Pucón (AKA: RAIN!)

After a surprisingly restful 8-hour bus ride through the night, we arrived in the tiny city of Pucón, tucked away in the south of Chile at the base of the enormous Villarica volcano. Climate-wise, it makes sense to think of Chile as an upside-down version of California: Cali’s dusty southern San Bernardino region corresponds to Chile’s northern Antofagasta desert region, which means that the southern lakes region of Chile corresponds to rainy northern California (Chile’s a bit longer than Cali, so a more appropriate comparison might be to the Seattle region. Either way the point is rain. Lots of rain).

The ever-present cloud ceiling of the area didn’t afford us much of a view of the beautiful, perfectly conical volcano, but of course we got just enough sunshine (15 seconds for the entire weekend) to catch a fleeting glimpse of that vista. Just long enough for us to understand the beauty of which we would have otherwise been so blissfully ignorant.

Unfortunately, the annoyingly uncooperative weather also rained all over our plans to summit and sled down the volcano, so we were forced to improvise the majority of our weekend on the fly. So off we set, bussing up the foothills to mountainous Huerquehue national park. Arriving in the mid-afternoon with only 3 hours before the final bus left back to Pucón, we were notified by park rangers that we were not to go farther than the closest lake, one mile away. They told us that we’d need at least 5 hours to make it out to and back from the next-closest lake.

Challenge accepted.

After moseying out of sight of the rangers’ office, we took off at a sprint. We stopped twice for water, twice to snap pictures, and once to take it reeaaal slow past a descending group of young German lady hikers (very casually of course). Even having climbed 4.5 miles of Andes foothill as fast as possible, we didn’t make it to the supposedly unreachable lakes until 10 minutes after our “time-half-up” (otherwise know as the turn-around-now-or-most-likely-be-stranded) alarm went off. Of course by this point it had already started raining heavily, occasionally booming thunder, but we refused to be defeated. We stubbornly spent a peaceful few minutes sitting silently in the rain, soaking up the solitude and serenity of that dark lake cupped by the surrounding mountains. Then another harsh alarm jumpstarted us back into action—we hitched up our bags, turned around and started sprinting back down the mountain. Not daring to take time even for water, we paused only to recover from the occasional muddy faceplant. And of course we had to slow it down to smoothly saunter past our German ladyfriends. Huffing and puffing, we finally made it back to the already-loaded bus, clambered aboard, and immediately passed out—exhausted, but content.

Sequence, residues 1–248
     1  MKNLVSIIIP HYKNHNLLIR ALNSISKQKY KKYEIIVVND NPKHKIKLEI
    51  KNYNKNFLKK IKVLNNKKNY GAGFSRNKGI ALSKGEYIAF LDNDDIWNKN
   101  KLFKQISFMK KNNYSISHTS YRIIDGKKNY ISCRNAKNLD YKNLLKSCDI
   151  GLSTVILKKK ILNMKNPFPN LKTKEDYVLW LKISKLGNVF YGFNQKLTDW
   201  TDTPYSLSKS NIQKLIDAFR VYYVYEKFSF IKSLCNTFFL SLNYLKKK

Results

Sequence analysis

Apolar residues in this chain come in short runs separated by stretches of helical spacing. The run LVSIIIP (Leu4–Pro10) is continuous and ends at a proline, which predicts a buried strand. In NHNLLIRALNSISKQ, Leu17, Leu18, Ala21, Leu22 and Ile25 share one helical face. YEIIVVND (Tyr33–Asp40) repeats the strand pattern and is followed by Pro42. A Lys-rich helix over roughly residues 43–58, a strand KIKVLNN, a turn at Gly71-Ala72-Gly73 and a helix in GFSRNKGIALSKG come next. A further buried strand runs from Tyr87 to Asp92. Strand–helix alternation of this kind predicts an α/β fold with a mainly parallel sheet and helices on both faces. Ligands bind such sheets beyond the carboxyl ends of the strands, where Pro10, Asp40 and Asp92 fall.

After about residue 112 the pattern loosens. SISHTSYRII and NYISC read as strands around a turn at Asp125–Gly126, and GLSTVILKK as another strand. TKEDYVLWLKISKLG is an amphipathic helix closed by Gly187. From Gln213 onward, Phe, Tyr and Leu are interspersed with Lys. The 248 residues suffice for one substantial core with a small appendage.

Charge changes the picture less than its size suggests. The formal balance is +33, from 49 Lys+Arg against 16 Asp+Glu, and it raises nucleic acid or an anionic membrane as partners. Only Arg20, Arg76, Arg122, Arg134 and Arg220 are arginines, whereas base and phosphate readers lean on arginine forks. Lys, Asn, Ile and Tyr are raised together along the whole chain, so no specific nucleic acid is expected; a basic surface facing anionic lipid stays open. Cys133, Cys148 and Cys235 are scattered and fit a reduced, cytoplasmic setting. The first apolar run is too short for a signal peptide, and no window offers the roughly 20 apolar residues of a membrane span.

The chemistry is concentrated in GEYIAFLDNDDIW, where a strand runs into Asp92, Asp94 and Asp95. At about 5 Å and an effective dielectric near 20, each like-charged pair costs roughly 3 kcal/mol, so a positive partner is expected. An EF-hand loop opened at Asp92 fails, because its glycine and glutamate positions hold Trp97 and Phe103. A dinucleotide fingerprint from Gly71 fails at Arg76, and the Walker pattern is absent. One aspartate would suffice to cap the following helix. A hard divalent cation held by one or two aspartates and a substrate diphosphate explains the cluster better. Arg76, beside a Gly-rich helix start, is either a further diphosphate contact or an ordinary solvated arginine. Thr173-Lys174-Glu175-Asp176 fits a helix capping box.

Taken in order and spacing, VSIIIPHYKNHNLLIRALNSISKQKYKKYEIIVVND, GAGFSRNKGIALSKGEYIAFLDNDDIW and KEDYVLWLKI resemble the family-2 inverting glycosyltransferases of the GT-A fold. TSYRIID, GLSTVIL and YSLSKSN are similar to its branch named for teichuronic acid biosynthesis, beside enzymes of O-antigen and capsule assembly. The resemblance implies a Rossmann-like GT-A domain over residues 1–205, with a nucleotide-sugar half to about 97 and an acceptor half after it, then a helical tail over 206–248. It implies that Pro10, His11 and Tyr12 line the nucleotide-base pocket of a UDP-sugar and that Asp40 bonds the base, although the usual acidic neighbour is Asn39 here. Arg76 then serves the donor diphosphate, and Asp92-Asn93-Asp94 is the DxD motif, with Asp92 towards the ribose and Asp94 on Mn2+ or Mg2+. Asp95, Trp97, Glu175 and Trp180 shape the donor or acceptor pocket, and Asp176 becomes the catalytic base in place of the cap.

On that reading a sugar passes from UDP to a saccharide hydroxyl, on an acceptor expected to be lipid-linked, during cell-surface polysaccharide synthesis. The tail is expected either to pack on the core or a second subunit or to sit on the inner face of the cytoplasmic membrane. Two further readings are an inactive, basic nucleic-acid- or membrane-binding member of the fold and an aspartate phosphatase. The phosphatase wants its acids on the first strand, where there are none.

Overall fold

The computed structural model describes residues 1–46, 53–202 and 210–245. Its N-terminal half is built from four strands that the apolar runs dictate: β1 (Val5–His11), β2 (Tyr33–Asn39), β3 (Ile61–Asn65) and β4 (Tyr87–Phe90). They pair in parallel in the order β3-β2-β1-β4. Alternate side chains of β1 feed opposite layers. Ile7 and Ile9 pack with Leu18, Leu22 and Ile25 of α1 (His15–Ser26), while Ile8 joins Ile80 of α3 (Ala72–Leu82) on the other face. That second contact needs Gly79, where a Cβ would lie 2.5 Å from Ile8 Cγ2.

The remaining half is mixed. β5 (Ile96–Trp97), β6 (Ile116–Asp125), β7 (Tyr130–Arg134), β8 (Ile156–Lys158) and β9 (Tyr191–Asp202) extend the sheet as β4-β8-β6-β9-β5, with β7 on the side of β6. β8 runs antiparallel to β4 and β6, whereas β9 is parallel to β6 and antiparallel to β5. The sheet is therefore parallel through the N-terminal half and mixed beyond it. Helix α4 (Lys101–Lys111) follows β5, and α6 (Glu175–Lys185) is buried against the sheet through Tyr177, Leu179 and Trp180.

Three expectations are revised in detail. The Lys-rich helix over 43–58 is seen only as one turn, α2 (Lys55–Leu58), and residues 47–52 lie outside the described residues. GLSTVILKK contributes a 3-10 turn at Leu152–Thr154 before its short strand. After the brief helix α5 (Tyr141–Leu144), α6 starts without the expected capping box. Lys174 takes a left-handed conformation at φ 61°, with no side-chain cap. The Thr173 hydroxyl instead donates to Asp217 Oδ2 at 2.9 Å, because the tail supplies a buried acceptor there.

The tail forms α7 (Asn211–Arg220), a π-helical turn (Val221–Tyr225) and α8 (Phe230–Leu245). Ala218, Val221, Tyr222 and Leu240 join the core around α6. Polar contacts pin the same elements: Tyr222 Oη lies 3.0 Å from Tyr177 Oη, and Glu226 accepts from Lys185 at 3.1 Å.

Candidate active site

The next day proved to be more of the same, cramming a 35 five mile bike ride that we supposedly need “at least six hours to do” into just 4 sopping-wet hours (complete with another 5 minutes of power-tourism at our destination). Although I have to admit we did cheat a bit, riding the final 5 miles back to town with our bikes in the bed of a friendly Chilean’s pickup truck—it was lucky we did. We made it back to our hostel with just enough time to grab a towel and head back out for “hydrospeed” which—despite my initial misgivings of what was essentially white water rafting with a small kickboard serving as the somewhat less-padded replacement for the raft—turned out to be amazing, offering us fantastic Jurassic-park-like views of mist-wreathed mountains as we floated between the rapids.

After the ridiculously busy days exploring and nights enjoying the company of our array of foreign hostel-mates, we bussed out of Pucón for Valdivia, a riverside fishing city overrun with giant playful sea lions. After another quick session of power-tourism we made a pit stop at the Kuntzman Brewery for a column (yeah, a column) of some of the best… soda… I’ve ever had, and then we loaded back up for another overnight bus ride, getting back home to Santiago just in time for the start of Monday morning classes.

The Climb

The Unreachable Lake 


Bike ride’s Bridge to Nowhere

Ojos de Caburgua


Hungry Sea Lion